Liila Taruffi and Stefan Koelsch’s (2014) recent study explores the relationship between music and sadness. Sadness is generally considered to be an undesirable emotion, and most people prefer to avoid feelings of sadness. However, people seem to experience some sort of pleasure and enjoyment in listening to sad-sounding music. If sadness is a feeling to be avoided, what explains our attraction to sad music?
The authors introduce two different theoretical approaches to frame the study. First they describe Levinson’s (1997) eight-part philosophical approach to sadness and music. This framework is based on the notion that listening to sad music can offer different kinds of emotional rewards, such as catharsis, savoring feeling, or emotional communion with others. Second, they discuss Panksepp’s (1995) and Huron’s (2011) findings, which both explain that people may experience more pleasurable experiences listening to sad music because it causes the brain to release more neurochemicals and hormones than happy music.
Through an online survey, the study engaged with 722 respondents from various ethnic backgrounds and age groups in order to understand why and how people engage with sad music, what kinds of emotions are evoked by sad music, and how an affinity for sad music might be linked to personality traits (Taruffi and Koelsch 2014, 2–3). As a control, a similar survey about happy music was also administered.
The results showed several common dimensions of the rewarding aspects of music-evoked sadness among participants. These included the reward of imagination (imagining similar expressive abilities as the music), the reward of emotion regulation (feeling better after listening to sad music), the reward of empathy (empathizing with the music as if it were a person), and the reward of no real-life implications (enjoyment of feeling sadness without real-life reasons) (Taruffi and Koelsch 2014, 4). Participants reported that the desire to listen to sad music occurs across a wide range of situations and emotional states (Taruffi and Koelsch 2014, 5–6).
The findings of this study might seem paradoxical because happiness is considered a key factor in people’s well being implying that sad feelings are something to be avoided. Nevertheless, the results of the survey suggest that sad music is used for numerous reasons under a variety of circumstances. The authors briefly discuss the limitations of the methods used in the study, admitting that one flaw of surveys like theirs is that retrospective self-reporting can be inaccurate because of memory bias (Taruffi and Koelsch 2014, 15). In contrast, they explain a new method called the Experience Sampling Method that takes advantage of mobile device applications through which participants can monitor their emotional states throughout the day in real-time (Taruffi and Koelsch 2014, 15). However, this method is not explained in much detail, so it is unclear whether it might improve further studies on music and emotion, or perhaps introduce new biases. For example, depending on real-time reporting might raise the costs of participation compared with a one-time survey, and providing compensation to users to encourage participation may also change self-reported happiness, if respondents are happy to be earning a reward for participation.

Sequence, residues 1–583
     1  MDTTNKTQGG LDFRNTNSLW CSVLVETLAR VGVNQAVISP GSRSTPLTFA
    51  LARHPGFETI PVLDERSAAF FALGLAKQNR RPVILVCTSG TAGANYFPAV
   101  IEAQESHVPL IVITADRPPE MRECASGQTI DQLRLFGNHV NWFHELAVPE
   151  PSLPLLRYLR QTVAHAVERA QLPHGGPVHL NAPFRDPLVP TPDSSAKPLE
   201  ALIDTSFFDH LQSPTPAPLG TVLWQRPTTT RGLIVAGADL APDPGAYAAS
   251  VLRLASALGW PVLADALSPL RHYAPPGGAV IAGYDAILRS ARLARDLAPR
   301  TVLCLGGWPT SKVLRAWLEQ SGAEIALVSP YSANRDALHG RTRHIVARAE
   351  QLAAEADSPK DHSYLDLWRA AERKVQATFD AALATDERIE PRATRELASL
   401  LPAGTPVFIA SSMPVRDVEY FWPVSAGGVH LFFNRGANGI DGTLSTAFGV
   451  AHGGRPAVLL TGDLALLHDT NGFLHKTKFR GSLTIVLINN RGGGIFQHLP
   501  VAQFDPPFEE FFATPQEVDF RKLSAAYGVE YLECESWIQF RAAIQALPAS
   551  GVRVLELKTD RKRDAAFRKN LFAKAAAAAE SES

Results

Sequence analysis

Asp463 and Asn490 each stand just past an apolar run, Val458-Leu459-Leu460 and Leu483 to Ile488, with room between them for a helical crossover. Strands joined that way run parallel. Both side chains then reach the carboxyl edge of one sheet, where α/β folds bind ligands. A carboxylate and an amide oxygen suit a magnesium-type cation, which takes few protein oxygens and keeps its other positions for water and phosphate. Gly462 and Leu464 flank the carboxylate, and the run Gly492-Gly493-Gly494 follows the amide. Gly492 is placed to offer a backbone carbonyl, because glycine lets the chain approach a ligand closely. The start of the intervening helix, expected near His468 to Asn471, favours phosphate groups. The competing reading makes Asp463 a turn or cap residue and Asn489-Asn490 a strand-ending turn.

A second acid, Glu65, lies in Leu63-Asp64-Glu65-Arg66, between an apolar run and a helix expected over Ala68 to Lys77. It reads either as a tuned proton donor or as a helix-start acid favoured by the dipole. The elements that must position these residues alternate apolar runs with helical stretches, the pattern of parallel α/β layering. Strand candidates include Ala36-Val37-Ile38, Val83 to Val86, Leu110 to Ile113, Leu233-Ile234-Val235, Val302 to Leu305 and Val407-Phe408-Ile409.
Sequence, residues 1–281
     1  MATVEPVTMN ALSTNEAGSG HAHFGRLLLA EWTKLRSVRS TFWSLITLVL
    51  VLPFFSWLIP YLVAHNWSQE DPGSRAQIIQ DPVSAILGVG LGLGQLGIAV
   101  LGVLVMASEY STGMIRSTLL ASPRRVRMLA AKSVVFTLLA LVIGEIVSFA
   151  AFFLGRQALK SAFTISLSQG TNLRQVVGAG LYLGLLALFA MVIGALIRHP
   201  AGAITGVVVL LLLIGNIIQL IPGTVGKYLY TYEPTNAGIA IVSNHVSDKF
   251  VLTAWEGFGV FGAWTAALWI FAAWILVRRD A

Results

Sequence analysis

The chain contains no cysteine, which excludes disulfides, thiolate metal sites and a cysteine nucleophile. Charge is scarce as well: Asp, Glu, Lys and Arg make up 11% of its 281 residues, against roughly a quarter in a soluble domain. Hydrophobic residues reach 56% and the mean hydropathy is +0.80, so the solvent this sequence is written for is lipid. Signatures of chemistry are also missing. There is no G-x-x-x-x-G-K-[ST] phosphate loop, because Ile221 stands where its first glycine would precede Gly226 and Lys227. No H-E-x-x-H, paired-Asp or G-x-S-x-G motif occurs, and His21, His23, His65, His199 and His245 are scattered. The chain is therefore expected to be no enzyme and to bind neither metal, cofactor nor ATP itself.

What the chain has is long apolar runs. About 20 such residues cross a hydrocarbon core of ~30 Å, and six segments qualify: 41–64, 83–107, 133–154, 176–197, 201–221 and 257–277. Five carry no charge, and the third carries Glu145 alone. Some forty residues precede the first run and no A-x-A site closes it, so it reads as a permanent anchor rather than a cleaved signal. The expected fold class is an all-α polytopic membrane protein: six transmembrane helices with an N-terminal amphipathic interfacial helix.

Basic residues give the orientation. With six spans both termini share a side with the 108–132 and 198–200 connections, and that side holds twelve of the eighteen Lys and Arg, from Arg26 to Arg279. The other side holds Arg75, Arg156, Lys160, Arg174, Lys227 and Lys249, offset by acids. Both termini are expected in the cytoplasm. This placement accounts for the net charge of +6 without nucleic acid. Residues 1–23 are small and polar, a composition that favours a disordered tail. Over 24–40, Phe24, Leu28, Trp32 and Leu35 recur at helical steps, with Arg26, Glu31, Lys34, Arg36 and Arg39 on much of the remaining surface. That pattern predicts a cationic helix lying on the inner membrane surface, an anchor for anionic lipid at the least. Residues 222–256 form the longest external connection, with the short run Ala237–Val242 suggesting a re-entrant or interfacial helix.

In addition, I am not convinced about the effectiveness of a questionnaire when it comes to capturing the complexities of emotional states. The boundaries of emotions are not rigid and frequently overlap, making them hard to quantify. Furthermore, everyone experiences feelings and emotions differently, so results of surveys do not generalize well. For example, different personalities or cultural factors may lead some respondents to over or understate their relative sadness or happiness. For these reasons, I think a mixed research method that includes both more qualitative data gathering techniques or some real-time experimental methods might lead to more conclusive results. It is possible to measure biological responses related to emotion through brain scans and other types of biofeedback. Facial expressions and body postures are also common indicators of affect that can be measured by a skilled observer. Of course, these kinds of studies have their own limitations. For example, they must be planned in advance and so there can be no way to control for the base emotional states of the incoming participants.
Despite the difficulties of studying the emotional effects of music, it is an important research area. The positive psychological and social effects of participating in music practice are already well understood. But more can be learned about how interacting with music on a more personal level can contribute to regulating moods and emotions.
Huron, David. 2011. “Why Is Sad Music Pleasurable? A Possible Role for Prolactin.” Musicae Scientiae 15 (2): 146–58.
Levinson, Jerrold. 1997. “Music and Negative Emotion.” http://philpapers.org/rec/LEVMAN-2.
Panksepp, Jaak. 1995. “The Emotional Sources of‘ Chills’ Induced by Music.” Music Perception, 171–207.
Taruffi, Liila, and Stefan Koelsch. 2014. “The Paradox of Music-Evoked Sadness: An Online Survey.” PLoS ONE 9 (10): e110490. doi:10.1371/journal.pone.0110490.